circumstances that believing and obeying are rendered very difficult;
and yet a larger number, counted by millions, live and die where no
voice from God comes to their relief.

In the absence of revelation giving any detailed information on this
question, we may rest contented with the reflection that God is just,
and that a just cause exists for that which appears inconsistent in the
eyes of mortal man, but that reflection is not satisfying; we are in
absolute need of revelation to enable us to comprehend the cause and to
justify in our minds the conditions which exist.

Our works in this life are known to God, and our rewards and
punishments are meted out according to the deeds done in the body. Our
pre-existent merits and demerits are equally well known to our Heavenly
Father. As proof that God knew before this life with all the exactness
that we are known here, I here introduce the following from page 41,
Pearl of Great Price: "Now the Lord had shown unto me, Abraham, the
intelligences that were organized before the world was; and among all
these there were many of the noble and great ones: and God saw these
souls that they were good, and He stood in the midst of them; and He
said, 'These I will make my rulers,' for He stood among those that were
spirits; and He saw they were good; and there stood one among them like
unto God, and He said unto those that were with Him, 'We will go down,
for there is space there, and we will take of these materials, and we
will make an earth, whereon these may dwell; and we will prove them
herewith, to see if they will do all things whatsoever the Lord their
God shall command them; and they who keep their first estate shall be
added upon; and they who keep not their first estate, shall not have
glory in the same kingdom with those who keep their first estate; and
they who keep their second estate shall have glory added upon their
heads forever and ever."

In the first chapter fourth and fifth verses of Jeremiah, we have the
following: "Then the word of the Lord came unto me, saying, Before I
formed thee I knew thee, and before thou camest forth, I sanctified
thee, and I ordained thee a prophet unto the nations." From these
plain teachings of the prophet, it is readily seen that the measure of
integrity attached to our pre-existence was fully understood by our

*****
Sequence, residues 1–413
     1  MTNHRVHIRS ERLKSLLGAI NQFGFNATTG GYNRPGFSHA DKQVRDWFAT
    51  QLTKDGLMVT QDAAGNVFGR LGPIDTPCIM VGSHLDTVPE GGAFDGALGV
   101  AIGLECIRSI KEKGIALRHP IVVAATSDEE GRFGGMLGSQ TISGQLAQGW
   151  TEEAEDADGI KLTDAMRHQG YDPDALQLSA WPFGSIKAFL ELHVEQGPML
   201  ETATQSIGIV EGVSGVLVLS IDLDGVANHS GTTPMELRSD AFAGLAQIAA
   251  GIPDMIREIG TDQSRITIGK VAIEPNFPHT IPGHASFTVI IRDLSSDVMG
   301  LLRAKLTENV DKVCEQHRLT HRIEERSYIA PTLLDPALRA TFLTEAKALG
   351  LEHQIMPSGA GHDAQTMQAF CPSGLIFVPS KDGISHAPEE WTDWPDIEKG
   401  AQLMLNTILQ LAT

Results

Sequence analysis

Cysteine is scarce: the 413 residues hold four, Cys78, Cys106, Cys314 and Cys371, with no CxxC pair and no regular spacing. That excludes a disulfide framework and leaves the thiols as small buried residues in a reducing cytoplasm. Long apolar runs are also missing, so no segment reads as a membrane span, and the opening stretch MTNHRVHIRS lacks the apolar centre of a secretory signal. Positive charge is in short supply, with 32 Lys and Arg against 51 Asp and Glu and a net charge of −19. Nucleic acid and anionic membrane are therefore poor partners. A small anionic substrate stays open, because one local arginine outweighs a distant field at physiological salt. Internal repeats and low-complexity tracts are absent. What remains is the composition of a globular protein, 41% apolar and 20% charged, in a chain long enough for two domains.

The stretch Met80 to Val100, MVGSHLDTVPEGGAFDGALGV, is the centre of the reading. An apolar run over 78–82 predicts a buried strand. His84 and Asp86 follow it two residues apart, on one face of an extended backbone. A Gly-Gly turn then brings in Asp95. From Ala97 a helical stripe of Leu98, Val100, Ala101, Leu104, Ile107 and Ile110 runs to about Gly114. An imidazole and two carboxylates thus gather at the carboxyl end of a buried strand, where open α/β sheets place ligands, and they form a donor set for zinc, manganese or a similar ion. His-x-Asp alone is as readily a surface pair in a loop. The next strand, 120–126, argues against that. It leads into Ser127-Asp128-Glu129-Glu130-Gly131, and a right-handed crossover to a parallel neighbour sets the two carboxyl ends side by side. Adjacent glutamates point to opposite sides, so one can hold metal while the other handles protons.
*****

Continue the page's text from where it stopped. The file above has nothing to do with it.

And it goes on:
Father; and as our future condition is based upon our works in this
life, is it not a reasonable conclusion that our situation in this
world is largely due to our conduct in a pre-existent state?

That God has a distinct hand in the appointment of the time for His
children to come upon the earth is very clearly stated by the Apostle
Paul. In the seventeenth chapter of Acts he says: "God that made the
world and all things therein, giveth to all life, and breath, and all
things; and hath made of one blood all nations of men for to dwell
on all the face of the earth and hath determined the times before
appointed and the bounds of their habitations." Thus we learn that this
great emigration of souls from the presence of the Lord to this earth
is controlled and directed by the Almighty. That He designed them all
at some time to learn of Him is stated in the verse following the above
quotation, which reads, "That they should seek the Lord and find Him."

We are compelled from these facts to believe that, as God Himself
sent millions into the world when the Gospel was not had among the
inhabitants of the earth, then His saving plan, to be compatible with
His attributes of mercy and justice, must be of such a character as to
reach these people after they leave this world. We may add here that
this vast host of humanity who lived when the Gospel was not extant is
greatly augmented by the unnumbered millions of people who live during
the dispensation of the Gospel, but who never see or hear an authorized
servant of the Lord.

In connection with this branch of the subject it may be well to refer
to the belief of many that, at death the wicked are consigned to their
final doom and the righteous to full and complete exaltation in the
presence of God. We can explode this fallacy by quotations from Holy